This is very scary. All those apps like Snapchat, Tinder, WhatsApp and literally any other app with access to your GPS data could be giving away your location at any given time to anyone who pays for the information. Lots of apps won’t even work without granting them location permissions and most people just accept the installation terms without reading anything at all. If you use a smartphone you are essentially consenting to be spied on 24/7. There is really no way around it unfortunately. Unless you visit an abortion clinic. Then Google will make sure to erase your location history. Lol. I’m not kidding. But that’s just Google’s data. There are plenty of other ways for anyone to obtain the GPS coordinates of anyone else if they really wanted them.
I bet that the intelligence agencies are the ones developing a lot of these apps. The CCP is known to have been the driving force and entity behind the ultra cringy but wildly successful TikTok mobile application, while it’s widely known that the CIA were the ones behind Facebook. The post “.edu college email address required” Facebook that is. So it doesn’t take much deductive reasoning to concede that apps like POF, Twitter, MeetMe, Snapchat, Tinder and many more of the most popular apps out there very much could have been designed and financed by the intelligence operative infiltrated venture capital operations around the globe. The Israelis have been finding ways to hack the entire planet by infiltrating the private sector for years now. Just watch “Snowden” for a horrifying sample of how easily any person or company can be hacked and tracked by some asshole at the Pentagon or Mossad or simply to anyone with the cash.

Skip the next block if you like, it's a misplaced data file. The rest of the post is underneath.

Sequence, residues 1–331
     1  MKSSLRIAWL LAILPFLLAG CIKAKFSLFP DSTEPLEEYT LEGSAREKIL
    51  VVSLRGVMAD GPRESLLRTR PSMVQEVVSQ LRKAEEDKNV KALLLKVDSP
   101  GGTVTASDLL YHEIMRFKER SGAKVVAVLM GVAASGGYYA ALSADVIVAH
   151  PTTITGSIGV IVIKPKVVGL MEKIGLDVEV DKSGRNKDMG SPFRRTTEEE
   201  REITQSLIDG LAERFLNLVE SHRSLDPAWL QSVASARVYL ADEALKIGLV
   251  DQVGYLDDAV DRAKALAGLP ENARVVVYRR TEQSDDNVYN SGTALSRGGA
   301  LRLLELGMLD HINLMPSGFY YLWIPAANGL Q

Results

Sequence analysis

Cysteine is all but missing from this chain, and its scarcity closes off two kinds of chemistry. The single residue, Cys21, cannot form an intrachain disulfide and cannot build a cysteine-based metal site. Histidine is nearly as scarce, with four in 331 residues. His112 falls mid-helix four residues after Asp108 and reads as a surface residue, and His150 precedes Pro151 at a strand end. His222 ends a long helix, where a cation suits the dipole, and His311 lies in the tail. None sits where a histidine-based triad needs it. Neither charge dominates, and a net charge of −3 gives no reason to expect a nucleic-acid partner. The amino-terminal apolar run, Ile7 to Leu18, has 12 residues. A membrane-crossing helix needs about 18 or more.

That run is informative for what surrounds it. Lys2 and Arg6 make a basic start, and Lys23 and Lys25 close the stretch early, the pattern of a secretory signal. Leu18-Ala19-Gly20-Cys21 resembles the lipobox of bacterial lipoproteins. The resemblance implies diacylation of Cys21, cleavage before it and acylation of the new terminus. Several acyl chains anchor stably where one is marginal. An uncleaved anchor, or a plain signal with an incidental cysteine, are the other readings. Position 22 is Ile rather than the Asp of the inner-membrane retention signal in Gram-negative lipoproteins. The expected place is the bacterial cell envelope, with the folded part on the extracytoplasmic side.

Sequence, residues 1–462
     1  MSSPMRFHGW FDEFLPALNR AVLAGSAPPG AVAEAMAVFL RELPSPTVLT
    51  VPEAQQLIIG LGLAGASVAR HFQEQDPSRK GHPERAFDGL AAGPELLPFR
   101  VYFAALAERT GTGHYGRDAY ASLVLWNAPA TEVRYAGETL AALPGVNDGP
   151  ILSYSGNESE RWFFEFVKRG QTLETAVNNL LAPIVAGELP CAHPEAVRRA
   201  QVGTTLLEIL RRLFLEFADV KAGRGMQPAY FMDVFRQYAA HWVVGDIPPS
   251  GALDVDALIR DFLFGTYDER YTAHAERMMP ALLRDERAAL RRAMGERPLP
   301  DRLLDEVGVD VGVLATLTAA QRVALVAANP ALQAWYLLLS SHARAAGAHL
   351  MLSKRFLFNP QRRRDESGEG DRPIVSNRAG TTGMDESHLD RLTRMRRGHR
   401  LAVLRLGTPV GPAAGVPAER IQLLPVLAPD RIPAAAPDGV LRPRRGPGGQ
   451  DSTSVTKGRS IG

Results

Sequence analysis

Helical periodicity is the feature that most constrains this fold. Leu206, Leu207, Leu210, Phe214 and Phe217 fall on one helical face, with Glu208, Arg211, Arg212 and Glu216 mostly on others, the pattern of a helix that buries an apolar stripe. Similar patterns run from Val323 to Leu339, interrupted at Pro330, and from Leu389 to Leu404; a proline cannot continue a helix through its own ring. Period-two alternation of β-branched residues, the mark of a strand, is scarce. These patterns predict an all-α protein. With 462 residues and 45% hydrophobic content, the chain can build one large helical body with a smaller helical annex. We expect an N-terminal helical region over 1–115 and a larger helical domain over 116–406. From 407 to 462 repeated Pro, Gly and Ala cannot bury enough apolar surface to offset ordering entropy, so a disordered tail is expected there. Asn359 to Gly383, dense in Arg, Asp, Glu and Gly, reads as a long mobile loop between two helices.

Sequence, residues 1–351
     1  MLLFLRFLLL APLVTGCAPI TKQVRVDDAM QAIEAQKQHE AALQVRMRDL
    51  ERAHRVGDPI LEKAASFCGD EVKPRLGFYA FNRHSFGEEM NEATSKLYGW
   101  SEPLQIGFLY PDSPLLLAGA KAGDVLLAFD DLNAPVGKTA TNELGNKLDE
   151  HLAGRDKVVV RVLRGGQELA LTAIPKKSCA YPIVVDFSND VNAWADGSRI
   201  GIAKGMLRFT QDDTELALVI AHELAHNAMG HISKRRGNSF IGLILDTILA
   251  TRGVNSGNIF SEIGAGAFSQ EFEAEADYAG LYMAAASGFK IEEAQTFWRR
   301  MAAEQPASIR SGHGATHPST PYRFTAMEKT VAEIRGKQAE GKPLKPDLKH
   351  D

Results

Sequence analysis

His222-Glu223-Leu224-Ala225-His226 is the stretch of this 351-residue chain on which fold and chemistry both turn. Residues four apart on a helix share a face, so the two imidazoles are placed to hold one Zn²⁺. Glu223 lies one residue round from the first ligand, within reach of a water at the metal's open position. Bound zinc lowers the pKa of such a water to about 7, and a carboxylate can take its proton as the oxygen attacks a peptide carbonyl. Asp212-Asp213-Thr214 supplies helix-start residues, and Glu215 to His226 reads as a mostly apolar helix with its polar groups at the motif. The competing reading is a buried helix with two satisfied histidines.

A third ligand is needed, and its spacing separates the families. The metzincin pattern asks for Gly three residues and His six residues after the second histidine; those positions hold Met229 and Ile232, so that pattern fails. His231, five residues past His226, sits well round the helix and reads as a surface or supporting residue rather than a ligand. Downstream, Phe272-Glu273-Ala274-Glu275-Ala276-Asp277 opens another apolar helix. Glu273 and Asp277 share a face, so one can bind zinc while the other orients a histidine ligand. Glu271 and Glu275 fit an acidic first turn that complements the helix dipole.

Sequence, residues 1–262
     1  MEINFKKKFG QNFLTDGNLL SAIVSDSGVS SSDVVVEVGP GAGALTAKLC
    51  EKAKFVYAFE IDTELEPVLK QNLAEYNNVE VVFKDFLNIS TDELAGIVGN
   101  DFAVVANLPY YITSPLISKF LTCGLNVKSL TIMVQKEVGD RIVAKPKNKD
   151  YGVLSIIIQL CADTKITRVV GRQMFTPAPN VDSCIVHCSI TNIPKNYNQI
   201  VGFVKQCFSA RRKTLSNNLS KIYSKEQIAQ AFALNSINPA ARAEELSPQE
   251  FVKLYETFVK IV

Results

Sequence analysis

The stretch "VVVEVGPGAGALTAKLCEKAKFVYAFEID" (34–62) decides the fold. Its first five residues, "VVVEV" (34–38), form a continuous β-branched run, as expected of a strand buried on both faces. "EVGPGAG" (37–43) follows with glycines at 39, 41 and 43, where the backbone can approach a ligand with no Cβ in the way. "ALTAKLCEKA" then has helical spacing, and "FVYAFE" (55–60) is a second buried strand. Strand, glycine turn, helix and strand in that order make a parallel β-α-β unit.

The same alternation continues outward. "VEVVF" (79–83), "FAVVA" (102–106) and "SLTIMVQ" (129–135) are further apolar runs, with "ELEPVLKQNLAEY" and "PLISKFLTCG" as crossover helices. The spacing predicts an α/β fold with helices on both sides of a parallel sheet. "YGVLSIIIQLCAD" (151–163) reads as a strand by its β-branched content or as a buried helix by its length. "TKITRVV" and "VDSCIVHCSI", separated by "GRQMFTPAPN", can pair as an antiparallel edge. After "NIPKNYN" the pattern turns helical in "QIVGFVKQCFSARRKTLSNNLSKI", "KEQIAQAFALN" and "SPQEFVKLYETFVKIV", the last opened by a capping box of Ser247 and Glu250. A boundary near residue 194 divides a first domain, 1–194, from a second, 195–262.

Documents Show DHS Tracks Smartphones Across the Country
by Joseph Cox | July 18, 2022 | Vice.com
Hacking. Disinformation. Surveillance. CYBER is Motherboard’s podcast and reporting on the dark underbelly of the internet.
How the F.B.I. Wiretapped the World: https://www.vice.com/en/article/pkgbpn/how-the-fbi-wiretapped-the-world
Recently released documents show in new detail how parts of the Department of Homeland Security have been using surveillance tools built on smartphone location data as part of investigations across the United States, including in multiple field offices and for a variety of different crimes.